Duke Energy Corp.'s investors seemed content with what the company said about the money it spent on federal elections—until rioters stormed the U.S. Capitol this year.
The utility’s investors twice voted down New York State Comptroller Thomas DiNapoli’s proposals to expand the company’s political spending disclosures with details on payments made to third-party groups for elections. Investor support for the shareholder proposals was less than 40% in both 2019 and 2020.
That was before the Jan. 6 Capitol riot put a spotlight on corporate money in politics, with
“Increased political polarization, the 2020 Election, and the January 6th attack on the Capitol, have shown companies that spending corporate dollars on political causes is risky business,” DiNapoli said in a statement to Bloomberg Law.
The trend is expected to continue as activist shareholders vow to make sure that companies stay true to their post-Jan. 6 pledges. Proposals targeting Duke Energy and others are worded to capture a broad range of corporate political expenditures, especially undisclosed donations to tax-exempt “dark money” groups like political nonprofits, trade groups, and unions.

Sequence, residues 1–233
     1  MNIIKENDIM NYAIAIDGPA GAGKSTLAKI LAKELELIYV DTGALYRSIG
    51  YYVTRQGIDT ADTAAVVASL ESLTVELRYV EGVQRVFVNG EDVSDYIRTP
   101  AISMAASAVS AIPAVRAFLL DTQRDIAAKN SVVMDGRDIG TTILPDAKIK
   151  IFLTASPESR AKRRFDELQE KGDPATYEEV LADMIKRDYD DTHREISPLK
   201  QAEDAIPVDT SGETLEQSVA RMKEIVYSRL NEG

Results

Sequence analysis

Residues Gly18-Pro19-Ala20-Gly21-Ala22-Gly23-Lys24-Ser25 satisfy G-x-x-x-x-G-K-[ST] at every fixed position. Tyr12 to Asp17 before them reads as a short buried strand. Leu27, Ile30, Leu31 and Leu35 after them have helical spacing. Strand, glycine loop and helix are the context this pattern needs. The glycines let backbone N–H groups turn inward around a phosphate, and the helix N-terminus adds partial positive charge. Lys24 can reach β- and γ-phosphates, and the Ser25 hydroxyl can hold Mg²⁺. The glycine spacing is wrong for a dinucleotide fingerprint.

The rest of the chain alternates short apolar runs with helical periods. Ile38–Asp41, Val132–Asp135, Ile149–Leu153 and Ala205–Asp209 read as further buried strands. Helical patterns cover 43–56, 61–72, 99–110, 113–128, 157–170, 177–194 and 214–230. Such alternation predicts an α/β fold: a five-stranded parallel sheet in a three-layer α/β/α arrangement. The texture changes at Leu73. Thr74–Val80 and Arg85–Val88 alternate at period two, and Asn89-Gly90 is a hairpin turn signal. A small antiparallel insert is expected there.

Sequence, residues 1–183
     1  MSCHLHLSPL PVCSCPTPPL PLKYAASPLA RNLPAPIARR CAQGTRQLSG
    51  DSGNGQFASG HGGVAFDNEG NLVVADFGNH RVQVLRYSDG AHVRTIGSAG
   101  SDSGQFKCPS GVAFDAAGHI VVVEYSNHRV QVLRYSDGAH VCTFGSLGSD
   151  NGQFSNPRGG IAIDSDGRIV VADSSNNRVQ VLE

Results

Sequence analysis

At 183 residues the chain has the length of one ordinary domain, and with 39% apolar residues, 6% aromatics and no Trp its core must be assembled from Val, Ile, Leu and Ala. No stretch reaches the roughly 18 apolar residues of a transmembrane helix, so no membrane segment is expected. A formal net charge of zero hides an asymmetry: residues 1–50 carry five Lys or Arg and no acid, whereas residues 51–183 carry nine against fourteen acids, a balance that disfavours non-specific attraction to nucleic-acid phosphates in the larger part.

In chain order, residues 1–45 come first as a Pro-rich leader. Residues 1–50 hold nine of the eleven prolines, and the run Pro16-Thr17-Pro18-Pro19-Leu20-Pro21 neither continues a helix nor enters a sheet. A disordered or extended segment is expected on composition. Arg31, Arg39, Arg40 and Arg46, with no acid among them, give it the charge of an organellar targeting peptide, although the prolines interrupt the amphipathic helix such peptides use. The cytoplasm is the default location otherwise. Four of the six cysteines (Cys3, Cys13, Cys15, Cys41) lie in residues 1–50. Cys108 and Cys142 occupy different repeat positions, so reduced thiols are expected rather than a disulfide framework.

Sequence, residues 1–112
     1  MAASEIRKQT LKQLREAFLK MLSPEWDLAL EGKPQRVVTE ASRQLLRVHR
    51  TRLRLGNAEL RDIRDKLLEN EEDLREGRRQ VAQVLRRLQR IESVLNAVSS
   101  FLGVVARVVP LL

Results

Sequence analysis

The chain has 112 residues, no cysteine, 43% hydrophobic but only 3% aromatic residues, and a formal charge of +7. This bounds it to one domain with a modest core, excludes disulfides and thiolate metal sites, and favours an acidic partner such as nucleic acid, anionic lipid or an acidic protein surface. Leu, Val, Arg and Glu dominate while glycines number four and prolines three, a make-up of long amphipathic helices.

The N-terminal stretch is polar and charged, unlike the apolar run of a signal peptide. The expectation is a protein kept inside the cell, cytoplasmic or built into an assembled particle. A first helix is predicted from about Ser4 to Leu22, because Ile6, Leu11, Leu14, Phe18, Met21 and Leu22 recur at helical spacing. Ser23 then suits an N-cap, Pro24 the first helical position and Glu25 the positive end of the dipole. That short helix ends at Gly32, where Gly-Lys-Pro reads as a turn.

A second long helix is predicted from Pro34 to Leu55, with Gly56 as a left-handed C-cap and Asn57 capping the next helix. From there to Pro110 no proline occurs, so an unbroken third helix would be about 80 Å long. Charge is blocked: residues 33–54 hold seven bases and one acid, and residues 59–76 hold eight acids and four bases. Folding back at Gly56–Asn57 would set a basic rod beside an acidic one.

Like Duke Energy, shareholders at
The Capitol riot “exacerbated a risk that was already there” to corporate bottom lines, said Bruce Freed, president of the Center for Political Accountability, a non-profit group that advocates for and partners with activist shareholders on transparency proposals.
That’s seen in this proxy season’s numbers, he said. Political spending proposals that manage to get votes at annual shareholder meetings are increasingly likely to get approved. Nearly 40% of the proposals were approved in 2021, compared to just 20% in 2020.
Corporations must report their political action committee donations and those from individual employees to the Federal Election Commission and state authorities in elections. Duke Energy and some other companies release details on this money on their websites.